Sir George speaks in Gorman debate
2 Mar 2000
Sir George Young (North-West Hampshire): I echo what others have said and wish the right hon. Member for Ashton-under-Lyne (Mr. Sheldon) a speedy and complete recovery from his illness. The House owes a debt to the right hon. Member for Swansea, West (Mr. Williams) for the way in which he presented the report, as well as to his Select Committee.

I am sorry that the husband of my hon. Friend the Member for Billericay (Mrs. Gorman) is in poor health. I understand the additional pressure that that has put on her. I hope that nothing that I say about the report will undermine the sympathy that I feel for her on that score.


In comparison with some of the other cases that the Select Committee has recently had to investigate, the original offence--the original offence--of non-declaration was a minor one. Of course my hon. Friend should have declared her interest in private rented property before she introduced two ten-minute Bills. As a Housing Minister in the early 1990s, I was well aware of my hon. Friend's views on the private rented sector, which accorded with her generally libertarian and free-market views on other matters. I did not for a moment believe that her espousal of a free market in housing, and a belief that rent control was wrong, were driven by her own private interests.

If that had been my hon. Friend's only offence, I am not sure that we would even be having this debate. The Select Committee has adjudicated on a number of occasions where interests should have been declared and were not. Hon. Members have survived the usual, rather minor, press interest that ensued, with their reputations intact. Indeed, some on both sides have gone on to hold very high office.

What clearly exasperated the Select Committee in this case was the smokescreen that descended, which caused it to veer all over the road, and to stop and ask a few people for directions before it eventually found a way through. The Committee's strong conclusion in paragraph 42, and the sentence at the higher end of the tariff scale in paragraph 51, flowed from the general obfuscation, and in particular from my hon. Friend's denials of links with offshore companies.

In the present case, three things have happened which have led us to where we are today. First, as I said, my hon. Friend was initially unable to respond accurately to the questions put to her by the Committee, and found herself tangled in the subsequent web.

Secondly, my hon. Friend has not found it possible to accept the verdict of her colleagues, who I think displayed some patience in dealing with the case, or to express her regret for what happened. If she had felt able to do that, she would have found the House to be generous and forgiving.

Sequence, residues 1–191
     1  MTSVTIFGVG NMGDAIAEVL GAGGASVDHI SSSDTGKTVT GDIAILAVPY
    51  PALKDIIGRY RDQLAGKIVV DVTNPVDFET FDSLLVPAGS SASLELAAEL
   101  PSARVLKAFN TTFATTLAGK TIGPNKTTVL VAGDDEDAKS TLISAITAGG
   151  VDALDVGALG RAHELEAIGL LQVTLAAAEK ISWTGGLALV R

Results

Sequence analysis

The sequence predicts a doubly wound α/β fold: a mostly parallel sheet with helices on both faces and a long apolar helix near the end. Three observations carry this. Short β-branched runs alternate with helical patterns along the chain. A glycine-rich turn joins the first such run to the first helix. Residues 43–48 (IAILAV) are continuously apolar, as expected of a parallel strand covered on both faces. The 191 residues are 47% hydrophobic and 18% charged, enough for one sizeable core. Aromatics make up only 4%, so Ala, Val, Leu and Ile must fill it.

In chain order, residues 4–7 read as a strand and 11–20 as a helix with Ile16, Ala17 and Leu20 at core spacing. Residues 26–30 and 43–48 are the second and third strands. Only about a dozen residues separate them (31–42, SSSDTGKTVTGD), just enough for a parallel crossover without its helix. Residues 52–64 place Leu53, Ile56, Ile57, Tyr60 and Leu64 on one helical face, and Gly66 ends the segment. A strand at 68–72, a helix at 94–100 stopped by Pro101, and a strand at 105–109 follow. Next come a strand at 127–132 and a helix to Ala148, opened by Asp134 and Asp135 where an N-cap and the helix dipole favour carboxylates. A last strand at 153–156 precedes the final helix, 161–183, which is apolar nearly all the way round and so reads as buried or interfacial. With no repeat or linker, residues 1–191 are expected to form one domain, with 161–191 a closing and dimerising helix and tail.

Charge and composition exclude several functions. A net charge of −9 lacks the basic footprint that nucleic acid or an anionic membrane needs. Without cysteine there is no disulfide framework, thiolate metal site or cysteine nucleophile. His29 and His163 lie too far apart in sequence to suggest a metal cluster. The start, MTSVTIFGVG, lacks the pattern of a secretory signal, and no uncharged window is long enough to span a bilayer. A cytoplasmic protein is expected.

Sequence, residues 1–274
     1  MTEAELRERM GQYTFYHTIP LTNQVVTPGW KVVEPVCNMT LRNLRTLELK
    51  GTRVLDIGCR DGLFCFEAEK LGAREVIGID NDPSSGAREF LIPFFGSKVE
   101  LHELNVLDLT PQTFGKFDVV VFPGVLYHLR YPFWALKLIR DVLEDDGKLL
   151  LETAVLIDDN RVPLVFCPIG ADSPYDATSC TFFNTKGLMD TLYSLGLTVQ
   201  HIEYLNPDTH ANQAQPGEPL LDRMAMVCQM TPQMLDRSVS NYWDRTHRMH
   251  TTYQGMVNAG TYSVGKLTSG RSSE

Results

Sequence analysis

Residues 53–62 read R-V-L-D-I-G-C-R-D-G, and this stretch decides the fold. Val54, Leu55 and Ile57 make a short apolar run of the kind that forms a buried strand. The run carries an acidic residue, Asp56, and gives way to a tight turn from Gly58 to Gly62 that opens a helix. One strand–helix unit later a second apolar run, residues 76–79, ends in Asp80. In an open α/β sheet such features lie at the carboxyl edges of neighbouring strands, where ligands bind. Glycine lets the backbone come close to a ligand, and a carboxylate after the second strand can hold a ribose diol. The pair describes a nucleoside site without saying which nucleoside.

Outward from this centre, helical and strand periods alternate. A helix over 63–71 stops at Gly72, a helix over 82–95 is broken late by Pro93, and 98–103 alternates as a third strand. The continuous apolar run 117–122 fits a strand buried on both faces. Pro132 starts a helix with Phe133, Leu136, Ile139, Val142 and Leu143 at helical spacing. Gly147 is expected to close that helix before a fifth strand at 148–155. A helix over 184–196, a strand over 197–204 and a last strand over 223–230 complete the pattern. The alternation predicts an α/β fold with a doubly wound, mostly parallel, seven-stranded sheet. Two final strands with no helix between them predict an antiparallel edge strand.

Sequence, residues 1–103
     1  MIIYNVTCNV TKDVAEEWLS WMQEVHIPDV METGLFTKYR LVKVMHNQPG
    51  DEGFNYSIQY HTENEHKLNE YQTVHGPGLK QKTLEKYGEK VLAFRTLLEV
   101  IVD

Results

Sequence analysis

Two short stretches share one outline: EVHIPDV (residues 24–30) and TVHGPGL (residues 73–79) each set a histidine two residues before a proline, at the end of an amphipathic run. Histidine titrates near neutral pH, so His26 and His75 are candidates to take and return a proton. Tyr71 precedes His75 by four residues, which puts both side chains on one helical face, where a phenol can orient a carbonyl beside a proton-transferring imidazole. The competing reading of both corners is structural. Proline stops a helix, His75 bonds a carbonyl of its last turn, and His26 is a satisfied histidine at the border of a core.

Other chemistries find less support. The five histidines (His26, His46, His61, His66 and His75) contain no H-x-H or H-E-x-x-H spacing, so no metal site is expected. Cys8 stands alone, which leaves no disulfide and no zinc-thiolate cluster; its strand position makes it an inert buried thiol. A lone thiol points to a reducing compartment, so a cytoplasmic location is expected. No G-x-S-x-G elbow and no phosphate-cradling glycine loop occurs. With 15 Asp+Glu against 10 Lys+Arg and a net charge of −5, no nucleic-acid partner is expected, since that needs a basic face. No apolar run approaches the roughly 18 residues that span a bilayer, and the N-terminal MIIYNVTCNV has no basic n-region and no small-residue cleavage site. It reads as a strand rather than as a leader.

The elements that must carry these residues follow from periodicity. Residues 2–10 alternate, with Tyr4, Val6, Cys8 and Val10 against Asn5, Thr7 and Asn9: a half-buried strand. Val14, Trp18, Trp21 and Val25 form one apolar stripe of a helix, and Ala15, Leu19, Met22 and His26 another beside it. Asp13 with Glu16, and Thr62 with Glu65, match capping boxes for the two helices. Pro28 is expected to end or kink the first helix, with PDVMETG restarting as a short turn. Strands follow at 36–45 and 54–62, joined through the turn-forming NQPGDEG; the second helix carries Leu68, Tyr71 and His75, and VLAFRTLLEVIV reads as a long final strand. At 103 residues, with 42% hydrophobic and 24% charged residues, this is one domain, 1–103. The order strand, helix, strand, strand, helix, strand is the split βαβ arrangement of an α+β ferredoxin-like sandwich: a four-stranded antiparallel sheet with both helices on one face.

Thirdly, my hon. Friend has cast aspersions on the neutrality of the Committee and therefore on the roles of my right hon. and hon. Friends who serve on it and on the hon. Member for Tatton (Mr. Bell). Neither my hon. Friend the Member for Worthing, West (Mr. Bottomley) nor my right hon. Friend the Member for Bromley and Chislehurst (Mr. Forth) would assent to what they believed to be a miscarriage of justice just because they were in a minority. I give away no secrets when I say that both of them are outwith the conventional range of discipline of my party: I cannot imagine that they would have subjected themselves to the discipline of another.

My hon. Friend the Member for Billericay suggested that the procedure that found her guilty was tainted. A number of those who have spoken have mentioned the relevant report of Lord Neill's Committee, "Reinforcing Standards". Of course, we should debate that report, which has been published since we last had a report from the Select Committee. It made recommendations about serious contested allegations. Whether that would cover my hon. Friend is a matter for debate. As I said, I personally do not regard her original offence as particularly serious.

Neill stated in paragraph 3.51:




We considered whether an accused MP should have the right to elect the full tribunal procedure in all contested cases, whether a minor or a serious case. We concluded that they should not.
I agree with what my right hon. and learned Friend the Member for North-East Bedfordshire (Sir N. Lyell) said. Once a case has escalated to the extent to which my hon. Friend's case has now escalated, there is a strong argument for the sort of assistance that was mentioned.
Mr. Dalyell: Does the right hon. Gentleman think that Members of Parliament who are not lawyers, however well-intentioned, conscientious and untainted they are--and I am sure that all members of the Select Committee were like that--are the people to handle contested allegations? When he mentioned offshore companies, the hon. Lady's body language suggested that she strongly contested what was said. I do not know whether she is right or wrong, but it is a matter for a lawyer, rather than for Members of the House of Commons.


Sir George Young: The hon. Gentleman makes a strong case for a debate on the report "Reinforcing Standards", and for a debate on the parallel report by Lord Nicholls, which reached the same conclusion.


Mr. Campbell-Savours: Will the right hon. Gentleman give way?


Sir George Young: No, I am going to finish.

I speak in a personal capacity. I have to say that I think the proceedings were fair. I think the Committee was painstaking in its deliberations, and I support the verdict and the sentence.


 
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